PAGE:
Fatigue Assessment of Friction Stir Welded Joints in Aluminium Profiles

University dissertation from Stockholm : KTH Royal Institute of Technology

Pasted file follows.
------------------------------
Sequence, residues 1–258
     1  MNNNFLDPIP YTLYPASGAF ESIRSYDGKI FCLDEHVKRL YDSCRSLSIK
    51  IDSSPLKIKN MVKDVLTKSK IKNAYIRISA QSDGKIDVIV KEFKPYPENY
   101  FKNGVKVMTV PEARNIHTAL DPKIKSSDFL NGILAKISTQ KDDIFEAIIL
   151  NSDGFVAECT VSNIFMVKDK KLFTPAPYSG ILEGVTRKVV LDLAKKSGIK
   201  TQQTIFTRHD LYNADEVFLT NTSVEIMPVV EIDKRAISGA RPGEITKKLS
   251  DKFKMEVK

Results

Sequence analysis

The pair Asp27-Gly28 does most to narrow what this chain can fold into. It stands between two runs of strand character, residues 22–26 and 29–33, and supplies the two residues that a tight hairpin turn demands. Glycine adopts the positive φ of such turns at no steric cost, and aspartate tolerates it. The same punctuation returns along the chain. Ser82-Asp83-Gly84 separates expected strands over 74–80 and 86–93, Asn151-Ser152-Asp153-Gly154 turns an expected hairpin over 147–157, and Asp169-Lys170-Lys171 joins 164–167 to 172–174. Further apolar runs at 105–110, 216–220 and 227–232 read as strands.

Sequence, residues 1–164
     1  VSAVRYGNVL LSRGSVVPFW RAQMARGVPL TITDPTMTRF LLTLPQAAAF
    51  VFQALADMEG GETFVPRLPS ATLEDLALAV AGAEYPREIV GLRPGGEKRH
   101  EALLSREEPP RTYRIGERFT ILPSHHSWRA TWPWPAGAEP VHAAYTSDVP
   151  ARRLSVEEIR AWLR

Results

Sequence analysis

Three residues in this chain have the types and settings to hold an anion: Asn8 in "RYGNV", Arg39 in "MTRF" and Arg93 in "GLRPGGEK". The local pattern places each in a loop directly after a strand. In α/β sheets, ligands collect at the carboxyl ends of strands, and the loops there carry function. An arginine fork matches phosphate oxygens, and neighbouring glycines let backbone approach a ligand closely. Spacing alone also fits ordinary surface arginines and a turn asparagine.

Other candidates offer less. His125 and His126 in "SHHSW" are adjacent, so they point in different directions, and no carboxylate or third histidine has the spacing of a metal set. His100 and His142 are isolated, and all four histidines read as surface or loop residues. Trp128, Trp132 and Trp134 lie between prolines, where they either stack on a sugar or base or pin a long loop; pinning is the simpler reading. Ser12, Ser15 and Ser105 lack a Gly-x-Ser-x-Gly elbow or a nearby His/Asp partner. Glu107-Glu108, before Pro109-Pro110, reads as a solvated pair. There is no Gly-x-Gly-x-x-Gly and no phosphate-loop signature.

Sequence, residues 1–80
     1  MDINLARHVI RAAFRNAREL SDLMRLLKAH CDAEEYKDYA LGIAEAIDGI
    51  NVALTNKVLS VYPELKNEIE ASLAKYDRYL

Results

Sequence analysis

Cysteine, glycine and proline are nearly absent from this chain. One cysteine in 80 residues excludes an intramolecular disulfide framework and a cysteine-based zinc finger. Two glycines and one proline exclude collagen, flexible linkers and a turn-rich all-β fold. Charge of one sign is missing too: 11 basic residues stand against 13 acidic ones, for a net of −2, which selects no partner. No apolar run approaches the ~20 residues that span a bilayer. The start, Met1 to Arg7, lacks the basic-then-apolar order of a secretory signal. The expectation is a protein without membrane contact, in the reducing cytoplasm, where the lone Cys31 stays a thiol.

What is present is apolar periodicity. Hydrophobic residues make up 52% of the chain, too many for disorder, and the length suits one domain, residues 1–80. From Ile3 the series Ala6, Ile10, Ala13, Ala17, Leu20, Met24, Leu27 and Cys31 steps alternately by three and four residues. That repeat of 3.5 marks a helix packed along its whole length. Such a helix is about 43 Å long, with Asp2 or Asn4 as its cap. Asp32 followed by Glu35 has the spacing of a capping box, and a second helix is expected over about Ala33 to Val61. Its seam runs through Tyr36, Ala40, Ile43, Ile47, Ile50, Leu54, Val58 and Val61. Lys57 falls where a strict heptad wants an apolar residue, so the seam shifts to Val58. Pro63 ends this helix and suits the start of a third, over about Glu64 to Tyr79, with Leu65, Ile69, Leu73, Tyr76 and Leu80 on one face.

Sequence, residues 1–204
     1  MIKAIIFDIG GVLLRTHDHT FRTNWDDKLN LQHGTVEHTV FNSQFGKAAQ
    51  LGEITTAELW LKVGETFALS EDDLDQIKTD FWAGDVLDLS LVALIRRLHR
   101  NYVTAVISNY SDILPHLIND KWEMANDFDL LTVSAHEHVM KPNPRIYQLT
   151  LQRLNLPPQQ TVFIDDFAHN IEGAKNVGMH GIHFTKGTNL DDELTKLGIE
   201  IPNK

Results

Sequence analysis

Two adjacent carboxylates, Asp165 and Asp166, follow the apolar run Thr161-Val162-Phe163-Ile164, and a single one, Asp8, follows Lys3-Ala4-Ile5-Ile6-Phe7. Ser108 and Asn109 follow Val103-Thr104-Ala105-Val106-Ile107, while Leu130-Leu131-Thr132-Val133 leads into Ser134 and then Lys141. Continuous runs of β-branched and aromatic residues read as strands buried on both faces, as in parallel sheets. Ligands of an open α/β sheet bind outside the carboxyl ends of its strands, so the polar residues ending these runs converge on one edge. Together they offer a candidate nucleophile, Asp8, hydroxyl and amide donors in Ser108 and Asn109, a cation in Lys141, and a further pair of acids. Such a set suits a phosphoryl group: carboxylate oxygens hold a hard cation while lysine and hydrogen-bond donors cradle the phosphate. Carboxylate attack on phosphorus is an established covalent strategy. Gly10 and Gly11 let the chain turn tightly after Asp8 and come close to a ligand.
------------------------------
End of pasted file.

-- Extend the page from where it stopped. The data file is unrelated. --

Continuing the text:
Abstract: Friction stir welding (FSW) is a low heat input solid state welding technology. It is often used for fabrication of aluminium alloys in transportation applications including railway, shipbuilding, bridge structures and automotive components. In these applications the material is frequently subject to varying load conditions and fatigue failure is a critical issue. In most cases standard codes and fatigue guidelines for aluminium welded joints address only welded structures with conventional welding methods but not those with FSW procedure. In the scope of this thesis fatigue life assessment of friction stir welded components was performed using theoretical approaches along with finite element method (FEM). The further aim of this study was to generate a basis for standardization of fatigue assessment of friction stir welded joints.Friction stir welded hollow aluminium panels of alloy 6005A are investigated. The panels are used for train wall sides, train floors, deck and bridges. Each panel is made of several profiles that are joined with the friction stir welding method. Fatigue bending tests were performed for profiles in these panels. Fatigue cracks and failure appeared at notches in the profiles. With FEM simulations critical positions for crack initiation and failure were identified. The method of critical distance was used to analyse and estimate the fatigue life. It was shown that the failure location and fatigue limit could be predicted for both base metal and weld location. Choice of welding procedure (clamping condition) can significantly influence the fatigue life. It was shown that for some panels the critical distance method was not able to explain the failure in the weld. In this case fracture mechanics together with residual stress analysis were used successfully to predict the failure.Assuming homogeneous material properties throughout the weld and the base material, FEM analysis for T and overlap joints as well can provide a reasonable fatigue prediction. This suggests that the same assumption can be extended to complex components for failure analysis of the friction stir welded joints when using the critical distance method.Fatigue assessment of friction stir welded joints was also performed using standard codes Eurocode 9 and IIW. Fatigue curves of traditional fusion welded joints were used. The results are in reasonable agreement with experimental data and FEM predictions.